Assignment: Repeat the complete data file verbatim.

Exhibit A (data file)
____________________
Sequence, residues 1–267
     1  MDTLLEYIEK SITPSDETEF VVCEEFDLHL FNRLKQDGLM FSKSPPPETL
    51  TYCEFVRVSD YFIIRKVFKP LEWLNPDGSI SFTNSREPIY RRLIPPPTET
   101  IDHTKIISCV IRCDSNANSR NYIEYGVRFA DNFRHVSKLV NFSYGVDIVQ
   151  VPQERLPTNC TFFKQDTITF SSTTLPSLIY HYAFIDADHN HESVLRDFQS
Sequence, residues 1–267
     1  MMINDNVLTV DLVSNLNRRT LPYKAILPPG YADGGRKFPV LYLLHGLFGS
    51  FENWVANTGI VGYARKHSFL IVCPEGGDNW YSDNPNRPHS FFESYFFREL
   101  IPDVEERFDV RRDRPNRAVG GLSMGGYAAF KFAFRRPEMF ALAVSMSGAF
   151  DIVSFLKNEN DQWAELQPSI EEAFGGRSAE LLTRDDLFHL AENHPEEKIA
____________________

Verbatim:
Sequence, residues 1–267
     1  MDTLLEYIEK SITPSDETEF VVCEEFDLHL FNRLKQDGLM FSKSPPPETL
    51  TYCEFVRVSD YFIIRKVFKP LEWLNPDGSI SFTNSREPIY RRLIPPPTET
   101  IDHTKIISCV IRCDSNANSR NYIEYGVRFA DNFRHVSKLV NFSYGVDIVQ
   151  VPQERLPTNC TFFKQDTITF SSTTLPSLIY HYAFIDADHN HESVLRDFQS
Sequence, residues 1–267
     1  MMINDNVLTV DLVSNLNRRT LPYKAILPPG YADGGRKFPV LYLLHGLFGS
    51  FENWVANTGI VGYARKHSFL IVCPEGGDNW YSDNPNRPHS FFESYFFREL
   101  IPDVEERFDV RRDRPNRAVG GLSMGGYAAF KFAFRRPEMF ALAVSMSGAF
   151  DIVSFLKNEN DQWAELQPSI EEAFGGRSAE LLTRDDLFHL AENHPEEKIA